Many of us are reeling from the obscene unwarranted the profits creamed-off by the likes of Camelot (National Lottery), as well as executives’ ‘snout in the trough’ salaries and spend of the biggest charities.

[Average UK salary is £27,271 according to the parliament’s ONS: Average Amount paid to the highest earner working for a general charity is £186,000 and the Median Average is £165,000: our Prime Minister’s total salary is £149,440].

You see, the senior people and those at the top of the massive currently ‘unaccountable’ charities, are very powerful indeed, and we know full well that ‘power corrupts’ and moreover it creates an illusion of sexual ‘entitlement’ – we have the glaring USA examples from the past of sleazebag Presidents like Kennedy and Clinton, together with the more recent Hollywood sex scandals, outing and bringing-down of titan power players like Harvey Weinstein, Kevin Spacey and Brett Ratner.

It is well-known that sexual predators, paedophiles and the like, deliberately head for careers where they can systematically apply for jobs and lurk there unnoticed, while successfully presenting to others with a caring, charming, attractive, hard-working, and competent image while winning affection and trust, then to employ the tactics of implied force and threats to abuse the vulnerable. That is exactly what they have done within charities and why there should have been properly effective vetting systems there and stringent governance procedures in place.

However, most of the ‘true’ aid sector workers (many of them unpaid volunteers) are people to be admired and lauded, but when it comes to the dominating power of senior executives,there is a power imbalance in need of urgent correction to ensure each organisation meets its duty of care to both their staff and some of the world’s most vulnerable people they serve, whence the roles of child protection or safeguarding experts needs to become paramount, doesn’t it?

The juggernaut charity outfits basically con the British public and indeed our government [0.7% of gross national income goes on aid spending] plus other populations, to pull-in some 10 billion pounds by manipulating the feelings of caring people using emotive heartstring-tugging expensive campaigns on television, in newspapers, with mailshots, use of the internet and employing all other media in all imaginable ways – when a large volume of cash donated doesn’t end-up at the intended destination.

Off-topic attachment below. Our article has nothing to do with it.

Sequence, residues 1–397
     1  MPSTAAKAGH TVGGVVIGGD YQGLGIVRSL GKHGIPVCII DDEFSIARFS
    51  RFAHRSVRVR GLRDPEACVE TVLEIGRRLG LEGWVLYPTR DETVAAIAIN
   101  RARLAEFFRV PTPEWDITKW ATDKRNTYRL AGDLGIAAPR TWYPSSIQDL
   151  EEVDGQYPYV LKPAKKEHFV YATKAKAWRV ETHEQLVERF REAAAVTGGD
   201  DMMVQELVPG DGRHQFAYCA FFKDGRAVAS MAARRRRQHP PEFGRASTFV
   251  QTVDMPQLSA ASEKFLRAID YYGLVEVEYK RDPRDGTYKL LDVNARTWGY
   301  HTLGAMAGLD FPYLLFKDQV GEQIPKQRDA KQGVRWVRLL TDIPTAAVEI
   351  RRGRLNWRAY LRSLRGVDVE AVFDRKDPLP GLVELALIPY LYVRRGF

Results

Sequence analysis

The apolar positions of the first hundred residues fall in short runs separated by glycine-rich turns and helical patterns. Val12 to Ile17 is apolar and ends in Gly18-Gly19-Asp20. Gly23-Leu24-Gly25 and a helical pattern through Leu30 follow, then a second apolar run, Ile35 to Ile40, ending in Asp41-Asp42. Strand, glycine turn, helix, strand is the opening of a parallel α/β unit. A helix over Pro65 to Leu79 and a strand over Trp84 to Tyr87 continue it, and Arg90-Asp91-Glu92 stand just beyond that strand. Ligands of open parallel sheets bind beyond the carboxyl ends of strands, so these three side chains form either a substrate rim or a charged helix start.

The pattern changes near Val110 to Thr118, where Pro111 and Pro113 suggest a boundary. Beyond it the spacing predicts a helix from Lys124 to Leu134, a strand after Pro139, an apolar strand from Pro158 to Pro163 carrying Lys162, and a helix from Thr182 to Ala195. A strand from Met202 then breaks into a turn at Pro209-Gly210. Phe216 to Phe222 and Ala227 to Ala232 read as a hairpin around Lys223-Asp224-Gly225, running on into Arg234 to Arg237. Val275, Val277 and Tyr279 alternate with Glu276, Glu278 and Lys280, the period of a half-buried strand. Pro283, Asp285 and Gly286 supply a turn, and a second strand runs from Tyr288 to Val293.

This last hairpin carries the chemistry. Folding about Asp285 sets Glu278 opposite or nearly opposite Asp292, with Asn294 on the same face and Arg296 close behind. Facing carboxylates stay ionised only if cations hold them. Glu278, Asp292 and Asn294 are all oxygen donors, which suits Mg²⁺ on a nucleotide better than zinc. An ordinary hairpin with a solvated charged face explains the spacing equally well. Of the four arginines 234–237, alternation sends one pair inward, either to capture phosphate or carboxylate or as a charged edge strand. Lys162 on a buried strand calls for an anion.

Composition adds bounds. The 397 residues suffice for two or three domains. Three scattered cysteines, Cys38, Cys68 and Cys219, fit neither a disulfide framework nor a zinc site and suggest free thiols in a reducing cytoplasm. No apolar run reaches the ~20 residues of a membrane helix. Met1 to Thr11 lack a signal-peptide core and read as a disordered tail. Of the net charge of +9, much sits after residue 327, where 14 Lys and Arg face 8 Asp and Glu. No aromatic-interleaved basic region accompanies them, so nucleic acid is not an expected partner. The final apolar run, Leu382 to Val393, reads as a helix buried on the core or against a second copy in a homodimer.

Solicitations do successfully pull in enormous funds by use of pleading, aggressively, overbearing and persistently public requests [Will bequests, bank standing orders, telephone calling, giving programmes, mobile text donations, street collections, face-to-face doorstep cold-calling, charity events or functions].

Meanwhile the media are currently even under attack by some charities’ lawyers in attempts to block articles and publication of allegations of harassment or inappropriate behaviour towards women.

The terrible saga brought about by Oxfam’s crass behaviour has not only blighted the UK charitable sector’s reputation and destroyed the already fragile confidence of the public in it, but has done untold damage to people’s confidence in the work of major aid agencies as a whole.

 

 

The charitable sector needs to be honest about past mistakes and urgently correct them. It must do all it can to win back the trust of the British public, because the money its caring people are prepared to give, can help to save many thousands of lives and alleviate widespread suffering]